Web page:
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Helping to treat a global problem – as a paediatric HIV pharmacist

Deepak Patel is specialist paediatric HIV pharmacist at St Mary’s Hospital, London

Hospital in KwaZulu Natal, South Africa

Working as a paediatric HIV pharmacist has involved visiting hospitals in KwaZulu Natal, South Africa, to offer advice and share experiences

There are over 1,000 children living in the UK with HIV (human immunodeficiency virus) infection. Approximately 70 per cent of these children live within the London region,1 but the numbers living outside London are increasing. This article describes the specialist care available to these patients and their families from pharmacists and other health care professionals.

Models of care

Since the main route of acquiring HIV infection for children is vertical transmission, when a child has HIV infection, it generally means that the mother will too, as may her partner and other children. A model of care that has evolved is the family clinic, where children with HIV infection, babies born to women with HIV infection and their parents can be seen in the same clinic.

The first family clinic was established at St Mary’s Hospital, London, where the multidisciplinary team includes paediatric infectious diseases consultants, adult HIV physicians, paediatric and adult nurse specialists, health advisers, psychologists, dieticians and pharmacists. In many centres, there are close links to adult genitourinary or infectious diseases services.

Earlier this year, the UK’s first clinic for teenagers who had been born with HIV infection was set up at St Mary’s Hospital. This joint service, the “900 Clinic”, was devised, and is run by, staff from both the paediatrics and genitourinary medicine departments and helps young people from north west London cope with the long-term aspects of living with HIV infection.

Historically, paediatric HIV services were developed in London at St Mary’s Hospital, St George’s Hospital and Great Ormond Street Hospital. Most children with HIV infection lived in or around London and were referred to one of these three specialist paediatric infectious diseases units. These units lead recognised networks in the north east, north west and south of London.

In the UK, approximately 80 per cent of children with HIV infection and babies born to mothers with HIV infection are of sub-Saharan African origin.2 Many are asylum seekers. The stigma of having HIV infection often prevents families from getting the support they need. This problem is amplified in areas where, because of a low prevalence of cases of HIV infection, appropriate support services are not available.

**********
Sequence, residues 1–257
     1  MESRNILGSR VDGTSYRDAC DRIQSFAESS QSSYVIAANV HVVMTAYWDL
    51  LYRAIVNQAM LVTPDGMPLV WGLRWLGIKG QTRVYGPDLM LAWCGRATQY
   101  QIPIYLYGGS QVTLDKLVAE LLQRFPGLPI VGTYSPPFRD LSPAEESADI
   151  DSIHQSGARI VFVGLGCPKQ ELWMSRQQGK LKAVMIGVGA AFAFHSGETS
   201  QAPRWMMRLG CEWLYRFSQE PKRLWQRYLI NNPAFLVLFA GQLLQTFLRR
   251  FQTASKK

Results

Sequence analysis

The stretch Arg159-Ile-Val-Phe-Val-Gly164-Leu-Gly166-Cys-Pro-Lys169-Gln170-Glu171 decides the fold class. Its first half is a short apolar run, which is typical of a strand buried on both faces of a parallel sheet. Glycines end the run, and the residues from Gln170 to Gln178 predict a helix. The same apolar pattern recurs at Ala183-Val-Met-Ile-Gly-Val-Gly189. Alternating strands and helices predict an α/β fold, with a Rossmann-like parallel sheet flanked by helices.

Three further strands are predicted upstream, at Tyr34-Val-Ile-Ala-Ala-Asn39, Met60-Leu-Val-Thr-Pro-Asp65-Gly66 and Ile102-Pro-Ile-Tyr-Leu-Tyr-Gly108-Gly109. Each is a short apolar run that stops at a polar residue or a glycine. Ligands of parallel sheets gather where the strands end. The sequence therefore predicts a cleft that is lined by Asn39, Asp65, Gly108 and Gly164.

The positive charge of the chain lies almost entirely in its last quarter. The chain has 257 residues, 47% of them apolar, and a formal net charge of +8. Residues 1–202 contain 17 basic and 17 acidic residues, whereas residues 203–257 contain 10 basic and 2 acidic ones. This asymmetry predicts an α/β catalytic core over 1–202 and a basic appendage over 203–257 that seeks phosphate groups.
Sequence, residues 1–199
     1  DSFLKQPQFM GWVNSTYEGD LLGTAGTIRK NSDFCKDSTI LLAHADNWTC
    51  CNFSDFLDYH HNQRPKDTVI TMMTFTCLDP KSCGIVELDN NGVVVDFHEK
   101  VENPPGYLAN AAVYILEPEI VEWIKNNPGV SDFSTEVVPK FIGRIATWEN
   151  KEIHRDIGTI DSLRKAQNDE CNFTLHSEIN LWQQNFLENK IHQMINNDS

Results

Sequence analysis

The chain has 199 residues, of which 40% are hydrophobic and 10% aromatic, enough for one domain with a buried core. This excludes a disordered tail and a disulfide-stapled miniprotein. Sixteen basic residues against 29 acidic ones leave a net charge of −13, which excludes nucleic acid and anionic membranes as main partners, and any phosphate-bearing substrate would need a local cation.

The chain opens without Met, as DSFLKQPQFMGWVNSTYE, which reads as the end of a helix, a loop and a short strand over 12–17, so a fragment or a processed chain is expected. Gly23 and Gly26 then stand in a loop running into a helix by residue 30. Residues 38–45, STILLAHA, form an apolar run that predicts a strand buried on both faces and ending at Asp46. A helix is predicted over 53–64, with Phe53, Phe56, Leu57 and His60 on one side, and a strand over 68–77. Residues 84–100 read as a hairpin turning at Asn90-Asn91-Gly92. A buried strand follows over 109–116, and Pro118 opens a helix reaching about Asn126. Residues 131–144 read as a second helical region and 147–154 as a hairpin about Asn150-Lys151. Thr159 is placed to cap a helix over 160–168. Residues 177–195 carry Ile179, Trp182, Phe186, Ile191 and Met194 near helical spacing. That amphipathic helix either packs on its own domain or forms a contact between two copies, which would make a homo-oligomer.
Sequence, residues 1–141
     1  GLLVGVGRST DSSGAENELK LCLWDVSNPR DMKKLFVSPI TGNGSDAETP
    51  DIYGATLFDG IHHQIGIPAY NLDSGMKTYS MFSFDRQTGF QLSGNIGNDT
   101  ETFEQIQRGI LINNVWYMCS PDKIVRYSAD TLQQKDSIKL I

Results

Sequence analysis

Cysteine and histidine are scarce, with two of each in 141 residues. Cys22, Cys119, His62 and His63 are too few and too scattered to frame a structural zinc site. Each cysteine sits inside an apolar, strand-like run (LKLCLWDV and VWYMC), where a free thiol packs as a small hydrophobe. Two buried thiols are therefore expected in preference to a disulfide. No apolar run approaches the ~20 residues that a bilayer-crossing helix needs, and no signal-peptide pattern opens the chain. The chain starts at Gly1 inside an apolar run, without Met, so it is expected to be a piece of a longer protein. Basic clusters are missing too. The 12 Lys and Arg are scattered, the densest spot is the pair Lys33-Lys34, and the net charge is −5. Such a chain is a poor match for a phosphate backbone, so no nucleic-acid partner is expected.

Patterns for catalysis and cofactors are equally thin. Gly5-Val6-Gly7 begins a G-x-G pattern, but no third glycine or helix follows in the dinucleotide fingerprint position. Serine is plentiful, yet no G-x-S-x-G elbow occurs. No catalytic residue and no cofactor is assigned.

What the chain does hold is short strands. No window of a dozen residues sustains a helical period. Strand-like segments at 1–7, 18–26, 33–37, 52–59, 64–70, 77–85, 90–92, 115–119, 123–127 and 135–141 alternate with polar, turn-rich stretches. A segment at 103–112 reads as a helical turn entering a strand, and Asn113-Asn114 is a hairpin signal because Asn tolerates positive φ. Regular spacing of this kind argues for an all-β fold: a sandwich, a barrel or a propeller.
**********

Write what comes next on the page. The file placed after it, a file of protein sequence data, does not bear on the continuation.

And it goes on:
The numbers of children with HIV infection living outside London is increasing. This is because of the rising number of people with HIV infection globally, recent patterns of migration and the dispersal of asylum-seeking families around the UK. There are currently no tertiary paediatric HIV centres outside London. Following wide consultation with stakeholders and regional workshops, the Children’s HIV National Network (CHINN) proposed the development of a regional network structure for paediatric and perinatal HIV services throughout the UK. All service reviews have concluded that it is necessary to have a specialist paediatric HIV pharmacist as part of the core of the multidisciplinary team.

Specialising in HIV

My initial enthusiasm for HIV pharmacy was sparked while undertaking a preregistration research project about pharmacy interventions in HIV at the Jefferiss Wing at St Mary’s Hospital, London. The project was awarded a prize from the HIV Pharmacy Association, which enabled me to attend an international HIV and infectious diseases conference. I went on to present feedback of that conference at a national HIV conference. The experience and knowledge I gained from these conferences left me motivated to pursue a career in HIV pharmacy.

Following registration, I undertook a basic grade rotation at the Royal Free Hospital, London, where I worked in various specialties, including HIV, paediatrics, renal, production and medicines information and completed the certificate in clinical pharmacy. During this period, I continued my commitment to the HIV Pharmacy Association, which allowed me to keep up to date with current issues in HIV. I then accepted a position at the Royal Free Hospital as a senior HIV pharmacist. This position gave me the opportunity to apply my knowledge of HIV infection and to develop new skills and qualities essential for working with specialist health care professionals and, most importantly, patients with HIV infection.